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Arizona Lawmaker Shares On State Senate Floor Why She Plans To Get An Abortion

An Arizona lawmaker shared that she plans to get an abortion during a powerful speech she gave on the state Senate floor Monday afternoon.

State Sen. Eva Burch (D) stood at the end of Monday’s session to make a point of personal privilege, a right afforded to Arizona lawmakers when they would like to make a personal remark. Burch, who for the last 12 years has worked as an emergency room nurse and nurse practitioner at a women’s health clinic, shared that a few weeks ago she and her husband found out she was pregnant. Burch described how she’s had “a rough journey with fertility,” miscarrying many times, and recalled how she got an abortion two weeks before Roe v. Wade fell in 2022 due to a nonviable diagnosis of a wanted pregnancy.

“We have determined that my pregnancy is once again not progressing and is not viable, and once again I have scheduled an appointment to terminate my pregnancy,” Burch told her colleagues on the Senate floor, with a handful of her female colleagues standing behind her in support.

“I don’t think people should have to justify their abortions,” she said. “But I’m choosing to talk about why I made this decision because I want us to be able to have meaningful conversations about the reality of how the work that we do in this body impacts people in the real world.”

Watch part of Burch’s speech below.

Abortion is currently banned in Arizona after 15 weeks. Burch did not specify how far along she is, but she is still getting care in-state, so she must be less than 15 weeks pregnant.

Arizona has long implemented other restrictions that bar access to care, including a 24-hour waiting period before a patient can get an abortion, undergoing an ultrasound and listening to state-mandated information about adoption and parenting. A near-total abortion ban went into law when federal abortion protections fell, but it’s not currently in effect as it makes its way through the courts.

“I don’t know how many of you have been unfortunate enough to experience a miscarriage before, but I am not interested in going through it unnecessarily,” Burch said. “Right now, the safest and most appropriate treatment for me — and the treatment that I choose — is abortion. But the laws this legislature has passed has interfered with my ability to do that.”

Burch, who has given birth to two sons, described how, despite being at an abortion clinic just a few days ago, she is still pregnant. She had to sit through an uncomfortable transvaginal ultrasound and listen to an “exhaustive list of absolute disinformation.”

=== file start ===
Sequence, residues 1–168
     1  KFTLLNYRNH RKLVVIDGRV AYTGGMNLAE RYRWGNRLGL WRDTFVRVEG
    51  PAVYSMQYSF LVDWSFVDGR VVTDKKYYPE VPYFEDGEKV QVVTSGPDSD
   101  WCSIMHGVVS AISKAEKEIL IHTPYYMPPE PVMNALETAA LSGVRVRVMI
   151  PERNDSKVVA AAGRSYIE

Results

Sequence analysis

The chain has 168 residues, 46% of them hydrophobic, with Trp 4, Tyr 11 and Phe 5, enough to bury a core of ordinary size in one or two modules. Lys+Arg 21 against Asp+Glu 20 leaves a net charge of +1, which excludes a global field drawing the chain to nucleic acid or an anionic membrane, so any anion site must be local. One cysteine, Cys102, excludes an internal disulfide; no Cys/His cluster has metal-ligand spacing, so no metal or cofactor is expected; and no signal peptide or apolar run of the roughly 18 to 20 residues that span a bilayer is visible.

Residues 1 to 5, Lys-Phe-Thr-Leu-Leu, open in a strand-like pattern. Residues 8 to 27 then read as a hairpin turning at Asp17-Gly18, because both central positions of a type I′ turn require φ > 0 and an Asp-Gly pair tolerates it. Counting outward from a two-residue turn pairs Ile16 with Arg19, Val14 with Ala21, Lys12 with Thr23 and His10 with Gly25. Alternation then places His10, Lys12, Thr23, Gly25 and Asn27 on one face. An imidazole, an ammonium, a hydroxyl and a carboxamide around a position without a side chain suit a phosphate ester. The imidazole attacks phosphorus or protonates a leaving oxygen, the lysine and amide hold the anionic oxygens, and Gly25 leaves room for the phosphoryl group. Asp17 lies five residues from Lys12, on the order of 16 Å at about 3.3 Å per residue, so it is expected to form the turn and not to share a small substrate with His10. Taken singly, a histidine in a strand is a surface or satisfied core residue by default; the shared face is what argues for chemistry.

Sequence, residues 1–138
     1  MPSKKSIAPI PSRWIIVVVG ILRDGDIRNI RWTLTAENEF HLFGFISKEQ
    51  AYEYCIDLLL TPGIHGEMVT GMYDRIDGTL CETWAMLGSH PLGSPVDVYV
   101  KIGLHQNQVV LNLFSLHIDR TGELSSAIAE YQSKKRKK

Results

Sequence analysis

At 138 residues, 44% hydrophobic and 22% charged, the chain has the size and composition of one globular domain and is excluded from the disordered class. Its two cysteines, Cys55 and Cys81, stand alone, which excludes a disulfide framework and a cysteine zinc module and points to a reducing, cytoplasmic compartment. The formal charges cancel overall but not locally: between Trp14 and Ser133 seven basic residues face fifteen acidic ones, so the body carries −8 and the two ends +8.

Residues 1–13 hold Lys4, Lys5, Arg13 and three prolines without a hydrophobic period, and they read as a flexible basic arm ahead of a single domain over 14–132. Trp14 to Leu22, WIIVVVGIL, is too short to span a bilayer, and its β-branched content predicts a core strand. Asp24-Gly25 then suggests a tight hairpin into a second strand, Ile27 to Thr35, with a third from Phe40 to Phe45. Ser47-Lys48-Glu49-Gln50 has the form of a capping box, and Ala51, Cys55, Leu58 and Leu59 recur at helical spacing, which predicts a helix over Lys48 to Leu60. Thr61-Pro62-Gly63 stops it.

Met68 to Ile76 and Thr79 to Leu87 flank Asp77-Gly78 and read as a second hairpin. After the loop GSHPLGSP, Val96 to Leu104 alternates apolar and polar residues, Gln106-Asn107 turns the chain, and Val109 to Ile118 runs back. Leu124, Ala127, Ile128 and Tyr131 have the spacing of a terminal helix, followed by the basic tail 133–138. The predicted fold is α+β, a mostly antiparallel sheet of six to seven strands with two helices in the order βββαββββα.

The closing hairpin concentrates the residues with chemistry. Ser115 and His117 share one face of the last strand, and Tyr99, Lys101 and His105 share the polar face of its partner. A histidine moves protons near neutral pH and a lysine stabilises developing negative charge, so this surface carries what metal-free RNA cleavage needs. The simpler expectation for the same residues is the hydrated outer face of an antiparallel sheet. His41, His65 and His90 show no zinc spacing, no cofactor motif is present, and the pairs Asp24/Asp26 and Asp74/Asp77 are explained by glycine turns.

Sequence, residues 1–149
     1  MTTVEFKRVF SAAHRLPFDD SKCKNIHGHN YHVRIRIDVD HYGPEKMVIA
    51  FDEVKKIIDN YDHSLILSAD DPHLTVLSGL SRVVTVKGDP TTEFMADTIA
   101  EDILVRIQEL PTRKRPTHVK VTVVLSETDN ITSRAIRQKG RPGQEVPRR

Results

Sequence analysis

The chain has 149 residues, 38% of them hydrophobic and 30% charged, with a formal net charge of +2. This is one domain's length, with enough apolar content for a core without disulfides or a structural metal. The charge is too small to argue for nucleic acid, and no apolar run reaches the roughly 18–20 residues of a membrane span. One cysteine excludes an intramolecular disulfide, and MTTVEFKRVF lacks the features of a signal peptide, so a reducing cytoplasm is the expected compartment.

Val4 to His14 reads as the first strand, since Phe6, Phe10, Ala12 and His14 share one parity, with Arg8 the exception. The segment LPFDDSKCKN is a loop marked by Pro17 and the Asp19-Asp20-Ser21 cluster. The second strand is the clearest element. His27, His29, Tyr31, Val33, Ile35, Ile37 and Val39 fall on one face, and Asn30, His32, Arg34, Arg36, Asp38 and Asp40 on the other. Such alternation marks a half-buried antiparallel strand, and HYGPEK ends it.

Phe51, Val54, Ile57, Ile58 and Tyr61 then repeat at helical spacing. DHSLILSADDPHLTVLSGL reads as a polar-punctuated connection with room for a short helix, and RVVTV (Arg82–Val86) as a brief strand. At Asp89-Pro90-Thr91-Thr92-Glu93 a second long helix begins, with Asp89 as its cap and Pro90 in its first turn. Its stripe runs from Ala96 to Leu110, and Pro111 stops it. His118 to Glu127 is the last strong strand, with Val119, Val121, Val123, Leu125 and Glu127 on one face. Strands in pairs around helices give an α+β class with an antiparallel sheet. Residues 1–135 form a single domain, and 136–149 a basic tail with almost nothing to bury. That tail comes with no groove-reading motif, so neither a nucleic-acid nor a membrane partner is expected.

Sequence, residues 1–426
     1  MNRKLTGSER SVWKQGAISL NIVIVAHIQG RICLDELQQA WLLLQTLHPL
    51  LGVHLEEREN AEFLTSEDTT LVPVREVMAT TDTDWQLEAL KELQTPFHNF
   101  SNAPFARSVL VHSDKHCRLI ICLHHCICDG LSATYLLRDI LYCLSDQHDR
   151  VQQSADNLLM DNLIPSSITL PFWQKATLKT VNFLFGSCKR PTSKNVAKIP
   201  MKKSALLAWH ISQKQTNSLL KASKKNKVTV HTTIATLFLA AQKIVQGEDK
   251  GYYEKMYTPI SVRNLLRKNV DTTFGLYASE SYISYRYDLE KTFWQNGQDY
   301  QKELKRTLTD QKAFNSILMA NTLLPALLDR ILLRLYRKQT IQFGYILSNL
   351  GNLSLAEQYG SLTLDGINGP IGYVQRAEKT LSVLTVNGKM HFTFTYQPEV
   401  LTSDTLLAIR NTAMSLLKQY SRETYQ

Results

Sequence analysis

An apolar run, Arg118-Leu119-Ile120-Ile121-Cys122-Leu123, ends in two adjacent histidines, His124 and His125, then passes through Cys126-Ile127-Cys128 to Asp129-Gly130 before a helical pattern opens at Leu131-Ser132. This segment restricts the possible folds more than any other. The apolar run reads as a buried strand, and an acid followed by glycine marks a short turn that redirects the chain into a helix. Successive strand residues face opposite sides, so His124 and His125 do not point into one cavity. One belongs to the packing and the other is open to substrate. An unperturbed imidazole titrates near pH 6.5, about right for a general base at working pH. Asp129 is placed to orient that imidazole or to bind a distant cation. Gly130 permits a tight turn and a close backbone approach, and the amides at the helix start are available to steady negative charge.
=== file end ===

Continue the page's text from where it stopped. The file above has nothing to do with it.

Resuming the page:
“From where I sat, the only reason I had to hear those things was a cruel and really uninformed attempt by outside forces to shame and coerce and frighten me into making a different decision other than the one that I knew was right for me,” she said.

“There’s no one-size-fits-all script for people seeking abortion care, and the legislature doesn’t have any right to assign one.”

Abortion rights advocates in the state are working on getting a pro-choice constitutional amendment on the November ballot. The initiative seeks to enshrine protections for abortion care up until fetal viability, which is usually around 24 weeks. Pro-choice groups have until July to collect just under 384,000 signatures for the initiative to appear on the 2024 ballot in Arizona.

Sam Paisley, national press secretary for the Democratic Legislative Campaign Committee, commended Burch for sharing her story and described her as the “epitome of courage” in a statement shared with HuffPost.

“No woman should have to go through the emotional and physical hurdles she described,” Paisley said. “Arizona Republicans have passed unnecessary burdens on abortion care that put women in danger. Senator Burch’s story is powerful, but it is sadly not unique — patients across Arizona have to jump through hoops to get the care they need. There are very real, and sometimes even deadly, consequences to the attacks on reproductive freedom that Republicans across the country have launched.”

Burch urged the legislature to base their decisions on excerpted testimony and consensus from the medical community, as well as input from voters. She called on her fellow lawmakers to resist political posturing or partisan bias on an issue that shouldn’t be political at all. The Democrat added that she hopes to see the pro-choice initiative make it to the ballot in November.

“I stand with those who have had to grapple with and navigate Arizona’s restrictive laws surrounding abortion at a time when the decisions being made were complicated enough,” she said. “I’m with them. I appreciate them. I am them.”

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